In my previous article, How do we bridge the chasm between Design Thinking and Design Doing?, I looked at where and how design thinking skills and expertise should be located inside an organisation for maximum impact. In this article I would like to go beyond the how and into the why of design thinking. Without senior executives genuinely understanding the why, then no matter where the expertise is located, design and innovation initatives are far less likely to gain traction and ultimately succeed.
While there are various different definitions of design thinking, I would like to share my own conception, which like some others have done, contains three different levels, all of which are connected:
i) An innovation mindset that understands the value of design;
ii) A design approach that is democratic and involves people who are not themselves designers;
iii) A collection of methodologies and tools used in both in the design of products and services and in the search for solutions to complex problems in all types of organizations;
Where I see design thinking projects failing to reach their fullest potential is in those situations where the highest level of understanding of design is not appreciated, and this is the level of personal mastery.
My personal definition of design is as follows:
Design is intentional creation through artistic and technical skills.
While those who are not designers are quite able to appreciate technical skills, and also able to appreciate artistic skills on some level, it is still rare to find an appreciation of artistic consciosuness in organisations. When we develop artistic consciousness as designers, we develop an ability not only to design using qualitative and quantitative research methodologies, but we are also able to use what I have termed philosophical creativity:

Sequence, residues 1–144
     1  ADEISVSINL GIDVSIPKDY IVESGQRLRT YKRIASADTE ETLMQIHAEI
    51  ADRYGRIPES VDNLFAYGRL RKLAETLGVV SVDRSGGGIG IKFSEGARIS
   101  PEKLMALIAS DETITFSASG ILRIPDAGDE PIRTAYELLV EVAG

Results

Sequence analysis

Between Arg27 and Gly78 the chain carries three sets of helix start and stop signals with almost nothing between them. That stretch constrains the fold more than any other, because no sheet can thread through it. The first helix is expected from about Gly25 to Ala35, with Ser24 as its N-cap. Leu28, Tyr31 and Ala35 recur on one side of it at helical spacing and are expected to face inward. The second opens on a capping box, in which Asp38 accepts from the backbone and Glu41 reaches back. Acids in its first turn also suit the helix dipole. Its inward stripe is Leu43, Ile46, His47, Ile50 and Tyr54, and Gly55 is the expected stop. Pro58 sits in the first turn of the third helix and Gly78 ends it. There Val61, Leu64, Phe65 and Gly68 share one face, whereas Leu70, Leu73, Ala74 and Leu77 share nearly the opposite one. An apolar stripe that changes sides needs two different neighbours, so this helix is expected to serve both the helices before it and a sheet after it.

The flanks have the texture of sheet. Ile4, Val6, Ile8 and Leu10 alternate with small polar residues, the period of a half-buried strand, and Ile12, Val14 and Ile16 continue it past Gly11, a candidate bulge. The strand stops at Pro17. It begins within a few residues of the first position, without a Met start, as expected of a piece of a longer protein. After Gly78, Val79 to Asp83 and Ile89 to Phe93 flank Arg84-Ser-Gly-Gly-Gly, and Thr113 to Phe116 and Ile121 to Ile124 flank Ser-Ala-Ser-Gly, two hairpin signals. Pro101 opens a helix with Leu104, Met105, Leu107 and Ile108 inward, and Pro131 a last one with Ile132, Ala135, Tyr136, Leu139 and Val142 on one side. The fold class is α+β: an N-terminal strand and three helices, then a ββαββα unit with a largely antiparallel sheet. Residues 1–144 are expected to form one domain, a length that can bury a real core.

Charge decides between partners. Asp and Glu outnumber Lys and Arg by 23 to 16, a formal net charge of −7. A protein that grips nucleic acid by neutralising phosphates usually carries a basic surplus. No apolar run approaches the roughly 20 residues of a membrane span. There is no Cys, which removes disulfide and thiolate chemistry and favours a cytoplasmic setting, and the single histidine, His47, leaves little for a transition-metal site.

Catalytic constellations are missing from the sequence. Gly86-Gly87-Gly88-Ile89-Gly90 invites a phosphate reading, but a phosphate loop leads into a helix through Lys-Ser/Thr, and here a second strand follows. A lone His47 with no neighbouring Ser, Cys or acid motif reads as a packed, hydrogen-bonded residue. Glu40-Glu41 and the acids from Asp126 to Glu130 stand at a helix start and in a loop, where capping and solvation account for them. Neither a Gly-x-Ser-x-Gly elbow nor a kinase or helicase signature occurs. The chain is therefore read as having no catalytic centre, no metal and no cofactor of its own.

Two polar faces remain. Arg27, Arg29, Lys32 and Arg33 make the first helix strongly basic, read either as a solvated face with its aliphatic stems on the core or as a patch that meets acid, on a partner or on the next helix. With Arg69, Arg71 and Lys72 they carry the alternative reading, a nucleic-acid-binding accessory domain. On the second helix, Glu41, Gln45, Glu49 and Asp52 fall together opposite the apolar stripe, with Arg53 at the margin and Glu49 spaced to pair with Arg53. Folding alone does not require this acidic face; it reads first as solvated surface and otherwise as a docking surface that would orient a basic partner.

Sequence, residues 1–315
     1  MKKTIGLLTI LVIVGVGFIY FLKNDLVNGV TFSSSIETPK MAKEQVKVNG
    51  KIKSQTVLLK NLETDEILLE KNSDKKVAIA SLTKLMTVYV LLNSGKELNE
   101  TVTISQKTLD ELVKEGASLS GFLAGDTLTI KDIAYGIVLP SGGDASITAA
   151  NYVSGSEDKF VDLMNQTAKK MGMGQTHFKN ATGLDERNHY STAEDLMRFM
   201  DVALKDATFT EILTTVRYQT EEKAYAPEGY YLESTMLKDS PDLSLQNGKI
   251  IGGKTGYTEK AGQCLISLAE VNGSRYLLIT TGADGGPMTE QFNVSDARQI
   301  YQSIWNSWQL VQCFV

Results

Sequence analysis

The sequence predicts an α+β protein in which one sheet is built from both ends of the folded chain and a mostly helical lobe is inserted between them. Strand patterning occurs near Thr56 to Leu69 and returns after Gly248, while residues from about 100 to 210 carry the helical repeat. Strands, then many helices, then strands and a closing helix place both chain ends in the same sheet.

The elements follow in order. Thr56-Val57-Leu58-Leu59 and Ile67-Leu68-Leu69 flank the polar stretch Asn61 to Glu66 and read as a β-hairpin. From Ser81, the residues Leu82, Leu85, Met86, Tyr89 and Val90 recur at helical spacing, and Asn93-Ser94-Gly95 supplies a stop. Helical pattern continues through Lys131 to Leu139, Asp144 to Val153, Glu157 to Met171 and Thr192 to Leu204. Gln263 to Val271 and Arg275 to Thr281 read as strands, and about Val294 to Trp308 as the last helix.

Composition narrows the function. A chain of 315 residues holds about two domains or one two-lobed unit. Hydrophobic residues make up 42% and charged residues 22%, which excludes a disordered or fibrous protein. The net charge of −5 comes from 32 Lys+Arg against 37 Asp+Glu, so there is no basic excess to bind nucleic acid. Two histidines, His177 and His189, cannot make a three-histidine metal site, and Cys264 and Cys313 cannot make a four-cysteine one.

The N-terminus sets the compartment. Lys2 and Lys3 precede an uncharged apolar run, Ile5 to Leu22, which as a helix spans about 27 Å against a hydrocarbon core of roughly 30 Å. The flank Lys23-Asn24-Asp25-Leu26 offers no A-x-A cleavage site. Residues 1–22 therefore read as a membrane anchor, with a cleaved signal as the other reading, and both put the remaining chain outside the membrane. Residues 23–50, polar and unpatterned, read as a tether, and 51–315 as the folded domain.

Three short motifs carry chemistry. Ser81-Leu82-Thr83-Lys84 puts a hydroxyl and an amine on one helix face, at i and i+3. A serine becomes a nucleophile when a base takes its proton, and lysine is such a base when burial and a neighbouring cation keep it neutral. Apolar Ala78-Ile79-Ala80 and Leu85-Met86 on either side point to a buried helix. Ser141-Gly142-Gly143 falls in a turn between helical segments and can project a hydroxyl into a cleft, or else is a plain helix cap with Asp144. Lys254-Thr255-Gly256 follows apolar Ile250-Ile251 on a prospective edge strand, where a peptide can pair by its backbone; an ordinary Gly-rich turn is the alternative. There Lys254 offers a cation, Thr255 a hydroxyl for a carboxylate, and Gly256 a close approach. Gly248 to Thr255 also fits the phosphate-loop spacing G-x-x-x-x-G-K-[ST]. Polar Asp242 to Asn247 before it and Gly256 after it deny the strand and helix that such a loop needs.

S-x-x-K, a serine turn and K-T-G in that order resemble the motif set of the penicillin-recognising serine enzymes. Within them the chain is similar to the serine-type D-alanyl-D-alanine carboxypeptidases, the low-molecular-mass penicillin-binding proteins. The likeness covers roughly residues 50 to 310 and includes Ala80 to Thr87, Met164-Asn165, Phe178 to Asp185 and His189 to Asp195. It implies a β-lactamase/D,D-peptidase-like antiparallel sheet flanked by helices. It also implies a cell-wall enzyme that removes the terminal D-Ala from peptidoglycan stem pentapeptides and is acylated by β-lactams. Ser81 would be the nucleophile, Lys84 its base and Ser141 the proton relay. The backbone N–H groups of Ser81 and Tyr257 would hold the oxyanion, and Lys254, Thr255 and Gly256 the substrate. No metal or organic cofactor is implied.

Philosophical creativity is the ability to explore multiple scientific paradigms at the same time in order to most fully explore the problem space.
My own business consultancy, Holonomics, works with multiple paradigms when developing interventions to facilitate digital and cultural transformation in organisations. We take inspiration from phenomenology, hermeneutics and process philosophy, and combine these more artistic practices with more technical methodologies such as Balanced Scorecard, Future Search and those we have developed ourselves such as our Customer Experiences with Soul framework and our Holonomic Circle design tool, seen in the illustration below:
This is what it means to be working at an ontological level. Our practices have a solid theoretical foundation, locating them firmly within a formally structured conception of reality. When you work at an ontological level, you are working at the level of being, of what things are, and this is where personal mastery within design lies.
A designer achieves personal mastery when that which is designed reveals new worlds and new ways of being to people.
Let’s think about one of the most commonly used business tools to have been created in the last twenty years, Alex Osterwalder’s Business Model Canvas. This was not suddenly created in eureka moment of inspiration. It came about after Osterwalder’s master's degree research which explored the ontology of business models.
In the 1990s, during the first wave of the internet and internet startups, we never used the term business model. We created business cases in Powerpoint, Word and Excel. And these then had to be socialised across our organisations to get as many departments to buy into the innovation projects as possible. The genius of Osterwalder was to examine business models in such depth that he was then able to understand how to represent them on a visual canvas. He did not start with the canvas and work backward to the design of its structure.
When we understand this level of design, the artistic consciousness of the designer, we then understand how to explain and sell the value of design to senior executives, meaning that organisations are then better able to really work with design at a much higher level. Design thinking is then not relegated to a practice which simply ‘designs’ through the empathic understanding and participation of those who are not designers.